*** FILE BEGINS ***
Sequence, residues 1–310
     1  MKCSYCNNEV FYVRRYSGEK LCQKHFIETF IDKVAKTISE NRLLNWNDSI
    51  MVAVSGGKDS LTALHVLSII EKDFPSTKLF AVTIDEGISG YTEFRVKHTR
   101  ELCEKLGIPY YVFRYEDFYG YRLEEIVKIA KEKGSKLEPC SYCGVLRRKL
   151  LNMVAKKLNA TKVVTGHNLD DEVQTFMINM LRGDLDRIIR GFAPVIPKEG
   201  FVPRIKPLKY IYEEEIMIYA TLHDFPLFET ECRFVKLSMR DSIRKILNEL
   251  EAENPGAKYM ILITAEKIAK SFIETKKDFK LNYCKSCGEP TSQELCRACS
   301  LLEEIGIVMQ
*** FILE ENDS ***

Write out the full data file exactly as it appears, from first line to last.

Sequence, residues 1–310
     1  MKCSYCNNEV FYVRRYSGEK LCQKHFIETF IDKVAKTISE NRLLNWNDSI
    51  MVAVSGGKDS LTALHVLSII EKDFPSTKLF AVTIDEGISG YTEFRVKHTR
   101  ELCEKLGIPY YVFRYEDFYG YRLEEIVKIA KEKGSKLEPC SYCGVLRRKL
   151  LNMVAKKLNA TKVVTGHNLD DEVQTFMINM LRGDLDRIIR GFAPVIPKEG
   201  FVPRIKPLKY IYEEEIMIYA TLHDFPLFET ECRFVKLSMR DSIRKILNEL
   251  EAENPGAKYM ILITAEKIAK SFIETKKDFK LNYCKSCGEP TSQELCRACS
   301  LLEEIGIVMQ